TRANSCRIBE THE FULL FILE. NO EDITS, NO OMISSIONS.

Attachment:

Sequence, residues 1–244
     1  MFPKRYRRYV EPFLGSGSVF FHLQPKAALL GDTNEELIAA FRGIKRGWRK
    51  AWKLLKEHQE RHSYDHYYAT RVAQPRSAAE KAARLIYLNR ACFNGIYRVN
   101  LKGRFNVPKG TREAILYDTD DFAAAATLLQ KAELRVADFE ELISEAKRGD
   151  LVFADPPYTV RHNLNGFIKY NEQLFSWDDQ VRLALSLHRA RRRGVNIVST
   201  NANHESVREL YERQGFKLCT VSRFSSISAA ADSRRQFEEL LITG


Sequence, residues 1–244
     1  MFPKRYRRYV EPFLGSGSVF FHLQPKAALL GDTNEELIAA FRGIKRGWRK
    51  AWKLLKEHQE RHSYDHYYAT RVAQPRSAAE KAARLIYLNR ACFNGIYRVN
   101  LKGRFNVPKG TREAILYDTD DFAAAATLLQ KAELRVADFE ELISEAKRGD
   151  LVFADPPYTV RHNLNGFIKY NEQLFSWDDQ VRLALSLHRA RRRGVNIVST
   201  NANHESVREL YERQGFKLCT VSRFSSISAA ADSRRQFEEL LITG